Article and photos by Kelly DeGraffenreid
Wilbur Nachtigal saunters down the driveway next to his Halstead home. Both sides of the driveway are lined with a colorful array of old lawn mowers. There are push mowers and riding mowers, and at one place along the fence, big beautiful white Moon Flowers bloom over the top of an old yellow riding mower. The drive curves around the back of his home.
?This is my nest,? he says with a smile as he points to the large garage behind the house.
The garage contains dozens of small machines, mowers, trimmers, edgers and even a motor scooter.
?I bought that in a moment of weakness,? he says, motioning to the scooter.
At any particular time, Nachtigal might have a dozen or so projects he is working on for friends, family and neighbors.
After retiring from Idaho Timber a little more than two decades ago, Nachtigal built the garage thinking he would work on cars, but after a few years, he had several people asking him if he would work on their lawn mowers, and he eventually obliged.
?I guess that was a mistake,? he says lightheartedly, looking around at the massive number of machines strewn inside and outside of the garage.
Nachtigal retired at age 65, and at? 87, he shows no sign of slowing down, working six to eight hours a day out in his shop.
He was born and raised in Halstead, attending Halstead schools and joining the United States Marine Corps at age 17.
He served his country for several years and upon leaving the service, took advantage of the G.I. Bill to go school in Lyons, where he trained to become a mechanic. He worked at several local companies.
Wilbur met Betty Jo Willis in 1956 while she was in Halstead as a student nurse.
?I picked her for a wife early, but she had no intention of marrying,? he says with a grin. Betty Jo went back to Pittsburg to school after her time was up in Halstead, but Wilbur, who was not giving up on her, kept in touch. In 1959, the two were married.? A few years later, they would move back to Halstead together where they made their home and welcomed three children.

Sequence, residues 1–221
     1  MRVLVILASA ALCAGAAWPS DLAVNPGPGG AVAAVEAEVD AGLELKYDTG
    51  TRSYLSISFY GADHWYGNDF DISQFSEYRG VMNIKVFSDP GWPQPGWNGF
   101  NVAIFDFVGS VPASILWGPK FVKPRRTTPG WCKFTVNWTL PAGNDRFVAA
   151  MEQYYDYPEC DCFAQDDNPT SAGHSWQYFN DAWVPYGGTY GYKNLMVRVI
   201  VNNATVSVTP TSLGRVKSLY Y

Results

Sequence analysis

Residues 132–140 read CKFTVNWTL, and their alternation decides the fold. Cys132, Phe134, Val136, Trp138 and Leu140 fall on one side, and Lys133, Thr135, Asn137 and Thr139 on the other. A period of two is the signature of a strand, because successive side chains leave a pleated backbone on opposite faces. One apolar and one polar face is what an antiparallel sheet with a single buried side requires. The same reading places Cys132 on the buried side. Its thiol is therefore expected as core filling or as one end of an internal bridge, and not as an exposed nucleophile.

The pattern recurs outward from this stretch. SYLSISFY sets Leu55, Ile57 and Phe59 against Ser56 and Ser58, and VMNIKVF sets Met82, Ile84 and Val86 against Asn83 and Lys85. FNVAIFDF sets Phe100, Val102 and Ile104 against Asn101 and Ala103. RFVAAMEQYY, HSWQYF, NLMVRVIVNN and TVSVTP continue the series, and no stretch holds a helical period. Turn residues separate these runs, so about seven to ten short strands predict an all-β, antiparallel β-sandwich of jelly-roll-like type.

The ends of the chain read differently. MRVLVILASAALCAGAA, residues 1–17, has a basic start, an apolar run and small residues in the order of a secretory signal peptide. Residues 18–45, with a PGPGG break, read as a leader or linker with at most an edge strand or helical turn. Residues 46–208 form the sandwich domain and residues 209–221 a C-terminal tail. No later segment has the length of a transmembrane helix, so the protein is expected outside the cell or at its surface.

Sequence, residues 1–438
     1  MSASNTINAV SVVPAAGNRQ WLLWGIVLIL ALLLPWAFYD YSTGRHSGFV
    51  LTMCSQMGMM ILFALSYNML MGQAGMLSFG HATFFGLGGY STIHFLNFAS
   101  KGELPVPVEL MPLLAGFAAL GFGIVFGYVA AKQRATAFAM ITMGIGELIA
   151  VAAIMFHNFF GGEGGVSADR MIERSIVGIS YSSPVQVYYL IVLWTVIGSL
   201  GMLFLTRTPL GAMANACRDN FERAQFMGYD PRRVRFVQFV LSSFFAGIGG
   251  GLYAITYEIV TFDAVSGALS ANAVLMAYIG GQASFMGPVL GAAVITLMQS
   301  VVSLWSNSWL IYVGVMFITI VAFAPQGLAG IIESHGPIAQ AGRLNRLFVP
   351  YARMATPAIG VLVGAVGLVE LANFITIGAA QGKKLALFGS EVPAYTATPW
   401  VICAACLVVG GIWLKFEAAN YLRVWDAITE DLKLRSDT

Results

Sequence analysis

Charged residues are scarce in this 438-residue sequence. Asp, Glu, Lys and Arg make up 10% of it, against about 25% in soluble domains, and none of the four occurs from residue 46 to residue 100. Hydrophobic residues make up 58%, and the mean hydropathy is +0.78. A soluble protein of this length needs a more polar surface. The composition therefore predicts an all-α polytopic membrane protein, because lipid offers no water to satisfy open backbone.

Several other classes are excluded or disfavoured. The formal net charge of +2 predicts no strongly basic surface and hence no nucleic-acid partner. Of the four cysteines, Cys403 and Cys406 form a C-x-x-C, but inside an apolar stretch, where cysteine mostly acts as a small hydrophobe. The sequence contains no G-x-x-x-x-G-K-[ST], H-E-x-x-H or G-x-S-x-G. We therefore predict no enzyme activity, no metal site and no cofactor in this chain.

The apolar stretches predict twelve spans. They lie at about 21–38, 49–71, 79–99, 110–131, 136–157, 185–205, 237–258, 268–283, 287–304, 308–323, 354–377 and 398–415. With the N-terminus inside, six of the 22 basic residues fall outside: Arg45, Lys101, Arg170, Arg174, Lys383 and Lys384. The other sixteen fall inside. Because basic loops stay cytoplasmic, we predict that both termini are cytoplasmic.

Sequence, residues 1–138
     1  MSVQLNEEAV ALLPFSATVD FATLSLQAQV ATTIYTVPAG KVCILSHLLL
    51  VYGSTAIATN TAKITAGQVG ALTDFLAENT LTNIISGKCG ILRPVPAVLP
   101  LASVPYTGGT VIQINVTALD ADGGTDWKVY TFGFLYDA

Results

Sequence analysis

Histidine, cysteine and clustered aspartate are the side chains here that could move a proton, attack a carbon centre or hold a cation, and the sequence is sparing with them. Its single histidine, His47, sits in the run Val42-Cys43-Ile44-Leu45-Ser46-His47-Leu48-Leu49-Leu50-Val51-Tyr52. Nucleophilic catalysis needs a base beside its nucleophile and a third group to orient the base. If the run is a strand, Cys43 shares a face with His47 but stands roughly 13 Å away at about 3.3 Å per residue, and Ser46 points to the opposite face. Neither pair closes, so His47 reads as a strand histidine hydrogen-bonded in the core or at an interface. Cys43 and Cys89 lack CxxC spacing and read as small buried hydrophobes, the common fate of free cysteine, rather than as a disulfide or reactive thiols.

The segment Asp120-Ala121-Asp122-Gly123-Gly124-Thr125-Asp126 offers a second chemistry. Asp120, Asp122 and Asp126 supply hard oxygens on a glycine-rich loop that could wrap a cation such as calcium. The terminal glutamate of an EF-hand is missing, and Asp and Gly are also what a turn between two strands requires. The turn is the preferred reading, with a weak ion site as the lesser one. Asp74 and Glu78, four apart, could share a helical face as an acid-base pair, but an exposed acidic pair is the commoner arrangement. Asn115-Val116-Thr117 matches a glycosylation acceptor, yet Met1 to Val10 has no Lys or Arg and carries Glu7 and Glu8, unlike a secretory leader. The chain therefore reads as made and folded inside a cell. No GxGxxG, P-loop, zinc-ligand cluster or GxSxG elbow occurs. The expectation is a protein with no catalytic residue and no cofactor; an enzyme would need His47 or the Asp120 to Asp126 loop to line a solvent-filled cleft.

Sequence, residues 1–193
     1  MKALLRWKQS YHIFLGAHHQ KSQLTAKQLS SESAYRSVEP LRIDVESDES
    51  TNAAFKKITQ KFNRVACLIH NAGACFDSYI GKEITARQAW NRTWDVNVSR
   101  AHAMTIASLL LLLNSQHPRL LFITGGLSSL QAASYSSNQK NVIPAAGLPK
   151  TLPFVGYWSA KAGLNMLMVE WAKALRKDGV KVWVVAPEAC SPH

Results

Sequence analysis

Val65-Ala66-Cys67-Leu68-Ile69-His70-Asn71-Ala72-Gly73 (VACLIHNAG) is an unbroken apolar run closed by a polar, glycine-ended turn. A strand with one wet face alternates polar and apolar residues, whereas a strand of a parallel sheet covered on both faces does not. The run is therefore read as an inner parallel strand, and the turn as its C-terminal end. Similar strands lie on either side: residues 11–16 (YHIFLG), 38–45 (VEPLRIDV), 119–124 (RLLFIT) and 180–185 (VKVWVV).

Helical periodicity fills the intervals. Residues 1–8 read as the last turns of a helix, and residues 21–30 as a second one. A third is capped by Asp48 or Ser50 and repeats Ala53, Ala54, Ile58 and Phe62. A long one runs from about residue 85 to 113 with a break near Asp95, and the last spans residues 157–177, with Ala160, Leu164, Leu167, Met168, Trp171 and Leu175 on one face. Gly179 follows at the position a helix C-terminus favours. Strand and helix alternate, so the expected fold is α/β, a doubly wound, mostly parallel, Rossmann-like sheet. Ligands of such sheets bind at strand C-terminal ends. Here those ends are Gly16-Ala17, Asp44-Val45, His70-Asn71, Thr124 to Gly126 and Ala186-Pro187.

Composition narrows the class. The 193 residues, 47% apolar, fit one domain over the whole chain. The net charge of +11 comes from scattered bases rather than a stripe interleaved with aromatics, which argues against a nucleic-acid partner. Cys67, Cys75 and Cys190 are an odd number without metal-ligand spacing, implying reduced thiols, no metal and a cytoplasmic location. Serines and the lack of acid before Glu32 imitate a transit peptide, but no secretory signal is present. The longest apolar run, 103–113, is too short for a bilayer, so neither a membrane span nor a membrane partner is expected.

When asked if he has any plans to truly retire and take it easy, Wilbur quickly says, ?No, I need to keep moving.?
His back gives him problems from time to time, and he is afraid if he let the recliner get him, he would never get up. ?Got to keep moving, ? he says with gusto.
Wilbur has never advertised his business.
?There is no need ? I have too much to do as it is,? he said.
Just as he says this, a pickup truck backs into the driveway with an old blue Dixon mower in the bed. Harvey County Commissioner Chip Westfall hops out of the truck, and he and Wilbur work together to unload the mower. During the unloading process, one of the ramps slips off the tailgate, and Wilbur springs into action. He gets out a large car jack and quickly jacks up the mower so the two of them can get it back on the tracks.
Westfall says he has brought many machines to Wilbur for repair during the years.
?Weed eaters, chainsaws, whatever goes bad in the garage makes it over here,? he says with a quiet laugh.
After Westfall?s departure, Wilbur gets back to work in the workshop. When asked what his most interesting projects have been, he says he has recently done some work on Chinese-made machines.
?They are quite different? ? but I kind of enjoy the challenge. I like the satisfaction of doing something unusual.?
He speaks highly of Honda motors.
?Honda motors are awfully good. The Japanese manufacturers are just a little bit superior.
So with all this work to do, does he ever find time for something fun or relaxing?
He smiles and says, ?I really enjoy fishing.?
A sign near his front door reads, ?A fisherman lives here with the best catch of his life.?
So, if you ever need a mower fixed, haul it over to the west side of Halstead. If you can?t find Wilbur there working in his shop, chances are he is off watching a line in a lake for a bit, but he?ll be back soon because too much relaxing is not in his nature.